Five mistakes early-stage B2B SaaS startups make and how to correct them

Insights on how to avoid underpricing, optimise your paid tiers, and steer your product roadmap for success in the early-stage B2B SaaS landscape.

James McClure

October 10, 2023
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Price is too low vs the competition

It’s natural to reduce barriers to entry and get customers in the door, and you don’t want price to be a barrier. However, a low price leaves money on the table which you could invest for growth.

Furthermore, you are creating either a future price problem (needing to raise prices) or a quality perception (you are cheaper because you are inferior). If you're building in a particular space, it's because you've seen a differentiated way to deliver success for customers. As such, you should get the upsides and price competitively.

Screenapp has experienced this directly and moved from tiered price points of $3-5 to $9-19. Over time this actually increased the conversion rate with healthy MRR growth and is positive as it has signalled greater quality and value to customers.

How to address this 

Increase the price by 20% or be within 10% of the market leader (whichever results in the higher price).

Paid tiers are too easy to avoid

All too frequently, I see businesses where the free allocation is sufficient for many users to avoid the paid tier. Future investors want to see both willingness to pay and clear retention; reducing your options in terms of these factors will hurt your growth. 

Ideally, you have identified the key feature driving your usage, then make sure you’re limiting this actively. A great example is Tactiq (real-time AI meeting transcription) which limits the number of meetings recorded as their key factor.

How to address this

  1. Put 10% of new sign-ups through a ‘reverse trial’ paid flow instead of freemium to test true willingness to pay
  2. Halve the free usage allocation 

Requests from early customers drive product roadmap, not the founders

It’s a delicate balance between keeping customers happy and building the product you want. However, I’ve seen product roadmaps quickly bloated by tactical feature requests from early customers outside of the target profile. 

When engineering resources are tight, founders need to manage requests very tightly and drive towards what their target market really needs vs what early customers want. This is especially true for UX requests vs genuine feature development.

How to address this

Designate 2-3 early customers in your ideal customer profile as ‘design partners’ and collaborate with them on development. This has the benefit of building for your target and driving engagement with early adopters without taking feature requests from everyone. 

Hiring Sales too early

It’s tempting to hire a salesperson early on to increase the pipeline and free up founder time, particularly for technical founders. However, until you have a repeatable sales process, outsourcing sales is setting both you and the salesperson up for failure. They won’t know the key insights of the problem and they won’t have the same cut-through as a co-founder to source and close deals. Plus you’ll be adding additional burn before achieving PMF without a clear revenue pathway.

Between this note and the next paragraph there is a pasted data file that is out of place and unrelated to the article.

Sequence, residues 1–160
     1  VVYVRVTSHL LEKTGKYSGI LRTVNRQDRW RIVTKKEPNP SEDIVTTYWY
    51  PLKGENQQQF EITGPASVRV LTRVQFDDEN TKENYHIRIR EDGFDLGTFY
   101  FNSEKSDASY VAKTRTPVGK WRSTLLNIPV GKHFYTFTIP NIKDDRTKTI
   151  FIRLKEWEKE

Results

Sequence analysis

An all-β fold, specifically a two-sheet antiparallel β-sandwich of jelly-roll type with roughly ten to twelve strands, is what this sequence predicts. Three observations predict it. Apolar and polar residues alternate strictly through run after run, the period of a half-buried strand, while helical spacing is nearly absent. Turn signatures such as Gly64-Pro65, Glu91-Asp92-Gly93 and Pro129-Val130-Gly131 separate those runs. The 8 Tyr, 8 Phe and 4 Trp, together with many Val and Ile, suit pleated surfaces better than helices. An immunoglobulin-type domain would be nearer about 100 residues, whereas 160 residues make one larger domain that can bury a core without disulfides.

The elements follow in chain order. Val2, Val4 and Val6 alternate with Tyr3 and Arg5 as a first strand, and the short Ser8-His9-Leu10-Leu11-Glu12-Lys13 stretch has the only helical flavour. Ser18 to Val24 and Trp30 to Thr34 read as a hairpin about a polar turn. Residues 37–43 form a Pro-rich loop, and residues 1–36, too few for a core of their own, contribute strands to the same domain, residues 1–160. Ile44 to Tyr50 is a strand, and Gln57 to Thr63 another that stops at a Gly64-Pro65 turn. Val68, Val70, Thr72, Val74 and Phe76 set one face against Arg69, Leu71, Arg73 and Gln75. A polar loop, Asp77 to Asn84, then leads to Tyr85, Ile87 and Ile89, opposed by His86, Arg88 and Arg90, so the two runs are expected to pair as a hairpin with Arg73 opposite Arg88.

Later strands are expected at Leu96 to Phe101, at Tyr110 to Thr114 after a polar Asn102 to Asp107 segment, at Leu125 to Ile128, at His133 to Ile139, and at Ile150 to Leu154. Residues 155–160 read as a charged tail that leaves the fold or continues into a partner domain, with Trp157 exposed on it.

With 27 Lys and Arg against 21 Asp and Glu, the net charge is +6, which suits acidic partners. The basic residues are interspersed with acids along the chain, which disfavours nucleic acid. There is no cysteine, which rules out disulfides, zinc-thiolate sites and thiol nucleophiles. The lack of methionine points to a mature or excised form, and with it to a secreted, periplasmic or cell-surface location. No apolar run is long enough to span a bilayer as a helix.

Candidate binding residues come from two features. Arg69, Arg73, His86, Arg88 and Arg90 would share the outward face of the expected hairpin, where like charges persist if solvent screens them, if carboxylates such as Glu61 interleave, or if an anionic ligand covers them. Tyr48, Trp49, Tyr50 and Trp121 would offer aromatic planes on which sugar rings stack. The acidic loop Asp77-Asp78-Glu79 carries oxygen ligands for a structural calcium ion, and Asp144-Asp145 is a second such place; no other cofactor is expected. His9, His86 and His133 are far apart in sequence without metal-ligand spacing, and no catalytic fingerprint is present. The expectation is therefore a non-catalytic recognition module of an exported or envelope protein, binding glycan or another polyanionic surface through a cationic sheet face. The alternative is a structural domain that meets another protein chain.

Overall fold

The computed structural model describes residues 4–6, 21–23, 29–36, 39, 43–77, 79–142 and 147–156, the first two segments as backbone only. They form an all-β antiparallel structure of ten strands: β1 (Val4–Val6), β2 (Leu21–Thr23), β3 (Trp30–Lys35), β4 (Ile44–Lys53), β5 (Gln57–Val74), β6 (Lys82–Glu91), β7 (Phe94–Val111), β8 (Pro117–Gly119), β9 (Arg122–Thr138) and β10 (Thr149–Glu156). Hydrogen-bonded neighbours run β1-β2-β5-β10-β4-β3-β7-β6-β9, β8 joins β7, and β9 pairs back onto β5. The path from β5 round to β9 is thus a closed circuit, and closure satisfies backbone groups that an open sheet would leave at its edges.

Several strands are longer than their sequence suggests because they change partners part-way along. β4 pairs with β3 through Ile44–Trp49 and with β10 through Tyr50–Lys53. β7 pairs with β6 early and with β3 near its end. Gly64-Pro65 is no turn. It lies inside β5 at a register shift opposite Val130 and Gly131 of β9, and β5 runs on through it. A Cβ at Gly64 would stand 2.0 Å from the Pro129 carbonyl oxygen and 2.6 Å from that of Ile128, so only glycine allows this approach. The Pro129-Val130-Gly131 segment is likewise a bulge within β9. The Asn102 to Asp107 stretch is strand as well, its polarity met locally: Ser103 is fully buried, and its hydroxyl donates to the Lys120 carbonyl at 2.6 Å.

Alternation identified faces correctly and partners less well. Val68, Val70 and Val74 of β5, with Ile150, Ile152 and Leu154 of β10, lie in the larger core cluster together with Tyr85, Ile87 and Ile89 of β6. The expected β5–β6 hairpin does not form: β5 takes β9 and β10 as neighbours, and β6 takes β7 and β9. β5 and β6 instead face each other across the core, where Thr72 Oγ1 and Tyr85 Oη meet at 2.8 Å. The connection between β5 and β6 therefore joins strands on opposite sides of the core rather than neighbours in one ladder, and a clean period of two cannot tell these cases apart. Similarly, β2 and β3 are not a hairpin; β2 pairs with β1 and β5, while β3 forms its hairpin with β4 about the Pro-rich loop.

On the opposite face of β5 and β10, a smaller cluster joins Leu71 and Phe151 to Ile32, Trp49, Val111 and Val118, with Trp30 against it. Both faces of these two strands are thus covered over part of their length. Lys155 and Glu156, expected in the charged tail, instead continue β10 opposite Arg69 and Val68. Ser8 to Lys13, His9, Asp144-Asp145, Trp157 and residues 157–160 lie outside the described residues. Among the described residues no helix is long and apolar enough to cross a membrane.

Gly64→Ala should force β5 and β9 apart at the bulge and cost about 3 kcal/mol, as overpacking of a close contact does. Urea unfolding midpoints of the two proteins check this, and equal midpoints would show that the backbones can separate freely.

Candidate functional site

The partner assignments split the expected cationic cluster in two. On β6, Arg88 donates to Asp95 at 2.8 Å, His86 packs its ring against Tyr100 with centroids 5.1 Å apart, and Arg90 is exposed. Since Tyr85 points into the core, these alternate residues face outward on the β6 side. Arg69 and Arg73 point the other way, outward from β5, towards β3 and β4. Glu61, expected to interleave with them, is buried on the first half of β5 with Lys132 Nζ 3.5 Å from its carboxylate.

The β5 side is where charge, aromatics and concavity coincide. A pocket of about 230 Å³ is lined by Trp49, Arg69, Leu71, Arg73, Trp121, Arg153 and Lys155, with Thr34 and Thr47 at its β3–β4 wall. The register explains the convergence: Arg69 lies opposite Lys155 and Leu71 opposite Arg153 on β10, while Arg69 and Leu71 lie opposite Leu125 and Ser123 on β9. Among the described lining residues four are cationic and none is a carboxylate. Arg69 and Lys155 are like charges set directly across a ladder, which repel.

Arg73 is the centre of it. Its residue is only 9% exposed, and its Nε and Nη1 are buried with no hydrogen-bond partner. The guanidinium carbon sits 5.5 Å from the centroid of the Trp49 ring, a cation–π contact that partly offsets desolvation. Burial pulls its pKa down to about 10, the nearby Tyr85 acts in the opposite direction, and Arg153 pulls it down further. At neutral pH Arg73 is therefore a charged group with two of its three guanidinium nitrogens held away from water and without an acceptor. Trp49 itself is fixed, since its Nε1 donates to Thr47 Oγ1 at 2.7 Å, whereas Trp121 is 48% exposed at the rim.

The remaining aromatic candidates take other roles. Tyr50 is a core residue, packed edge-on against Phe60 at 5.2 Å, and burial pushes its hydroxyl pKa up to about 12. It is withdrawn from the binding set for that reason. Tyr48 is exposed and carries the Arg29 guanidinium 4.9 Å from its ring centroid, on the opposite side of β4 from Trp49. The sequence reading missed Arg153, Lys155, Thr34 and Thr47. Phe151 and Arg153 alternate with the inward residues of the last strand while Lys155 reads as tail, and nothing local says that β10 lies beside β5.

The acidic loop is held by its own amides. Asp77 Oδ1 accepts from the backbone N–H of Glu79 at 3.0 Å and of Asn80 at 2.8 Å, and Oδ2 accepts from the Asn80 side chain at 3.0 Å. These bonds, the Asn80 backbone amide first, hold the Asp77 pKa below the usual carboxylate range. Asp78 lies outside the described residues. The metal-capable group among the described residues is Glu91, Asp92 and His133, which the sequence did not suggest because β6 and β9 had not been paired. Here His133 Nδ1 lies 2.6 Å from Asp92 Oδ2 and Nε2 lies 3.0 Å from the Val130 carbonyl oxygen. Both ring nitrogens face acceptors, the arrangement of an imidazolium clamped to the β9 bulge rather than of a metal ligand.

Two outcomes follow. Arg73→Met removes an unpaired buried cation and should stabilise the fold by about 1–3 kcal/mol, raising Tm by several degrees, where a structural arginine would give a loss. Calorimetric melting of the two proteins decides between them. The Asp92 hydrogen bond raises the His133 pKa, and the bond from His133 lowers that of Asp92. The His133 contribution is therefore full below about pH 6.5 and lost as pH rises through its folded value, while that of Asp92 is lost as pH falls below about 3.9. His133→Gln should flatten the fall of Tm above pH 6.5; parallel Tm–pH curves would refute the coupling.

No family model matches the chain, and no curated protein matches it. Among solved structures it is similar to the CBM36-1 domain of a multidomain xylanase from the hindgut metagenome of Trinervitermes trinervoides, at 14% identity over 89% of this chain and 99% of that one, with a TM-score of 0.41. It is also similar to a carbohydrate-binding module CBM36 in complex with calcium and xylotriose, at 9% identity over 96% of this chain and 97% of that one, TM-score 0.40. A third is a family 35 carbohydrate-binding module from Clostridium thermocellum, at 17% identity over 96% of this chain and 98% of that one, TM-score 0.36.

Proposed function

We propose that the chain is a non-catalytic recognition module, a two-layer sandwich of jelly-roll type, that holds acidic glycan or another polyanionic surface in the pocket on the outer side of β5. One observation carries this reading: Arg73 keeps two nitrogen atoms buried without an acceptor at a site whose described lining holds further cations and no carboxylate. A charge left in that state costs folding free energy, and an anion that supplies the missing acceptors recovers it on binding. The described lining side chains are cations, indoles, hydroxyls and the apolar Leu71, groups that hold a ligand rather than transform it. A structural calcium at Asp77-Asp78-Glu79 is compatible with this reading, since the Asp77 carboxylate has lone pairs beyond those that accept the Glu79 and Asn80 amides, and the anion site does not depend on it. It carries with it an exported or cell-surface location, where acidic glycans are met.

How to address this

  1. Set up a basic CRM to track the reasons for ‘Closed - Lost’ as well as ‘Closed - Won’. This will allow you to reflect and until there’s a clear process which you can outline, you should continue founder sales.
  2. When you do hire (likely after 20-50 founder sales), make sure your salesperson has worked at a true startup before and can manage without brand/sales ops support etc. 

Engage with your first customers

Founder-led sales is hard to balance with other priorities, but founder-led customer success is even harder. Remember these first customers will be your best source of future business - whether by referrals or reference calls - so it’s highly important to keep them engaged. Helping them feel like they have a front-row seat on the rocketship can buy you time on product development, plus retention is a key focus of seed/Series A stage investors.

How to address this

  1. Timebox a 1-hour weekly slot for ‘Customer Success’ to check in with customers.
  2. Put your champions into a Whatsapp/similar group as a ‘First Believers’ group to develop community.

Antler is the investor backing the world’s most driven founders, from day zero to greatness. We are currently taking applications from individuals looking to find a team, launch a startup, or seeking Pre-Seed investment. If you want to work with Antler apply now!

About the author

James McClure

James is a Partner at Antler Australia and co-leading the Australia operations. He is a seasoned C-level exec who brings over 15 years of tech operating experience across EMEA, APAC and the US.

Previously, he was the CCO for Adzuna, running its business across 16 global markets. Prior, he led the Enterprise business for SeatGeek and was GM for Airbnb UK and Northern Europe. James spent his initial tech career at Google in London, Sydney and Singapore; most notably launching local markets and YouTube across APAC.

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